Randomized, blinded trial of vitamin D 3 for treating aromatase inhibitor-associated musculoskeletal symptoms (AIMSS)

Alice C. Shapiro, Susan A. Adlis, Kim Robien, Mark N. Kirstein, Shuang Liang, Sara A. Richter, Rachel E. Lerner

Research output: Contribution to journalArticlepeer-review

28 Scopus citations


The purpose of the study was to evaluate the efficacy and safety of vitamin D 3 at 4000 IU/day as a treatment option for aromatase inhibitor-associated musculoskeletal symptoms (AIMSS) when compared with the usual care dose of 600 IU D 3 . We conducted a single site randomized, double-blind, phase 3 clinical trial in women with AIMSS comparing change in symptoms, reproductive hormones and AI pharmacokinetics. Postmenopausal women ≥18 years with stages I–IIIA breast cancer, taking AI and experiencing AIMSS [breast cancer prevention trial symptom scale-musculoskeletal (BCPT-MS) subscale ≥1.5] were admitted. Following randomization, 116 patients had a run-in period of 1 month on 600 IU D 3 , then began the randomized assignment to either 600 IU D 3  (n = 56) or 4000 IU D 3  (n = 57) daily for 6 months. The primary endpoint was a change in AIMSS from baseline (after 1 month run-in) on the BCPT-MS (general MS pain, joint pain, muscle stiffness, range for each question: 0 = not at all to 4 = extremely). Groups had no statistically significant differences demographically or clinically. There were no discernable differences between the randomly allocated treatment groups at 6 months in measures of AIMSS, pharmacokinetics of anastrozole and letrozole, serum levels of reproductive hormones, or adverse events. We found no significant changes in AIMSS measures between women who took 4000 IU D 3 daily compared with 600 IU D 3 . The 4000 IU D 3 did not adversely affect reproductive hormone levels or the steady state pharmacokinetics of anastrozole or letrozole. In both groups, serum 25(OH)D remained in the recommended range for bone health (≥30 ng/mL) and safety (<50 ng/mL).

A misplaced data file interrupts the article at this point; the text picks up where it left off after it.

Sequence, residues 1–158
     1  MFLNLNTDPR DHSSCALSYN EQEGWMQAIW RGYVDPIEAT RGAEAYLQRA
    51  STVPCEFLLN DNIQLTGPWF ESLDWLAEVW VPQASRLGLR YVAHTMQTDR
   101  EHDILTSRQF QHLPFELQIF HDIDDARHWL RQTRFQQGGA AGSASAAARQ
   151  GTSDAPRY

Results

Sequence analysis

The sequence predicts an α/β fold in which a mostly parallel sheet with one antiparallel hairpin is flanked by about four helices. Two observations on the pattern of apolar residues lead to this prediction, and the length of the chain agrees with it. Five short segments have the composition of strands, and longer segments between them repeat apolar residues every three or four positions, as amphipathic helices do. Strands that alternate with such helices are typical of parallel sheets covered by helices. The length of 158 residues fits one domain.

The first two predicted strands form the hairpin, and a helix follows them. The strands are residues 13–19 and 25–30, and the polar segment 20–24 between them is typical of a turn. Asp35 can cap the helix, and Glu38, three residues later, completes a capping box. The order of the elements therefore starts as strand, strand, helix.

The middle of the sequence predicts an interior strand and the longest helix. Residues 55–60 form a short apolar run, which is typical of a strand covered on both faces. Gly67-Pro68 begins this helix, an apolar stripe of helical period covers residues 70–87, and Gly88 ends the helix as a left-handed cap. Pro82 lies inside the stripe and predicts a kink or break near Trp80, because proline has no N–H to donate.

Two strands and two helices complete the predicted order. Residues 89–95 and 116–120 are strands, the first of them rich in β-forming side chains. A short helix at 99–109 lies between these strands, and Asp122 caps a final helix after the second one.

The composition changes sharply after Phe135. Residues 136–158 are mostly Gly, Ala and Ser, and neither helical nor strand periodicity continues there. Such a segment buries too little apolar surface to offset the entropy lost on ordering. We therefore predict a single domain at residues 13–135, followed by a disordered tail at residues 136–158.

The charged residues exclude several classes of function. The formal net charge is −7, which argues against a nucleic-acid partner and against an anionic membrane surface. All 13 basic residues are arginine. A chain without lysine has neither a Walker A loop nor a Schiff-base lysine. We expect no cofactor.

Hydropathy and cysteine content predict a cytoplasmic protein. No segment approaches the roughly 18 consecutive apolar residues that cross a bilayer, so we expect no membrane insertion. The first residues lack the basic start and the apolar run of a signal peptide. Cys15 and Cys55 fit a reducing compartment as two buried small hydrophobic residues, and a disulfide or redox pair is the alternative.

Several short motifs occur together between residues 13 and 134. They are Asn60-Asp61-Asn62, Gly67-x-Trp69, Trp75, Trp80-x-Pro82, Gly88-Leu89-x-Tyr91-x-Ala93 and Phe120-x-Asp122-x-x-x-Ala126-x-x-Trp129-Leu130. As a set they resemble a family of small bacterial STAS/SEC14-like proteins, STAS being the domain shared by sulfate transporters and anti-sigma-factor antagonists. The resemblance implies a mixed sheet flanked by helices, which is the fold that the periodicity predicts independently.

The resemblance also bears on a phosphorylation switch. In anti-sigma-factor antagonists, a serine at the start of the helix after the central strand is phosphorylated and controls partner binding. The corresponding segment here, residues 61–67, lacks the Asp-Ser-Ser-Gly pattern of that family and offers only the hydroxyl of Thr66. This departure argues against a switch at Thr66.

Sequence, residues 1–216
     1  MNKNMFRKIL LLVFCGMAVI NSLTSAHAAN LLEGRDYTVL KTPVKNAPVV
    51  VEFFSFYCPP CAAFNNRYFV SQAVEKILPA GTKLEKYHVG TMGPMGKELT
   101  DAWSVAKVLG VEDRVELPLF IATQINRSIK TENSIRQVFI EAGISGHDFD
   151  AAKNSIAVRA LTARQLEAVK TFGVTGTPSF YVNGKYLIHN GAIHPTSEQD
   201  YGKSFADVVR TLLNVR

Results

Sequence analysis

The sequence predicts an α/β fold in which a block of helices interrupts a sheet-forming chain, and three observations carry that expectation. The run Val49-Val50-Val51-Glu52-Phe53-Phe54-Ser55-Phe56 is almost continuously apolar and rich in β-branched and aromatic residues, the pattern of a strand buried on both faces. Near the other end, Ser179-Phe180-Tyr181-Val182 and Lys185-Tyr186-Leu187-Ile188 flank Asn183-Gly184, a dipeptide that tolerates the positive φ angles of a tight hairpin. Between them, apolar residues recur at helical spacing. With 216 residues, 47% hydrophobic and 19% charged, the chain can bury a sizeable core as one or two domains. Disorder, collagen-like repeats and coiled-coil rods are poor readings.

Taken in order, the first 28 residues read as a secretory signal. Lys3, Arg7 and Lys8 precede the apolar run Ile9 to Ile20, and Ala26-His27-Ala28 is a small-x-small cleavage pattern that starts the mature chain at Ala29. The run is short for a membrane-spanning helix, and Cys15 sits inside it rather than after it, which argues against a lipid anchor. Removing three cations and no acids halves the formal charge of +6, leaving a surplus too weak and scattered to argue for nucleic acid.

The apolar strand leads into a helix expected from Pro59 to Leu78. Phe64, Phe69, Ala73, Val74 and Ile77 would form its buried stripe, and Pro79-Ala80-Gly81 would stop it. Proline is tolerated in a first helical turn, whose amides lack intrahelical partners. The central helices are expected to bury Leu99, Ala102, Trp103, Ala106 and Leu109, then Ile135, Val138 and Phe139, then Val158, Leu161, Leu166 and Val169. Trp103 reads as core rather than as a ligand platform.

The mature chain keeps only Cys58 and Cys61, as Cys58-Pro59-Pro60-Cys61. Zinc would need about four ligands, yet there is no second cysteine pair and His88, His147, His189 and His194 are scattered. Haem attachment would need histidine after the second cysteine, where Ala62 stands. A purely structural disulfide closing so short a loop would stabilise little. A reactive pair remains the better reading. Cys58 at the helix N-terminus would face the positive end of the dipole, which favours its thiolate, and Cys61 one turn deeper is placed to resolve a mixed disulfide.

Original languageEnglish (US)
Pages (from-to)501-512
Number of pages12
JournalBreast Cancer Research and Treatment
Issue number3
StatePublished - Feb 1 2016

Bibliographical note

Funding Information:
Research relating to this analysis was co-funded by Grants from the National Cancer Institute and the National Institutes of Health Office of Dietary Supplements (R21 CA149934) and the Park Nicollet Institute and Park Nicollet Foundation. This work was supported in part by NIHP30CA77598, using the following University of Minnesota Masonic Cancer Center Resource: Clinical Pharmacology and the National Center for Advancing Translational Sciences (NCATS) of the National Institutes of Health (NIH UL1TR000114). The study was registered in Clinical Trials.gov (NCT01509079) and conducted under IND #114046. Trial Registration clinicaltrials.gov, identifier: NCT01509079.

Publisher Copyright:
© 2016, Springer Science+Business Media New York.


  • Aromatase inhibitors
  • Arthralgias
  • Breast cancer
  • Vitamin D


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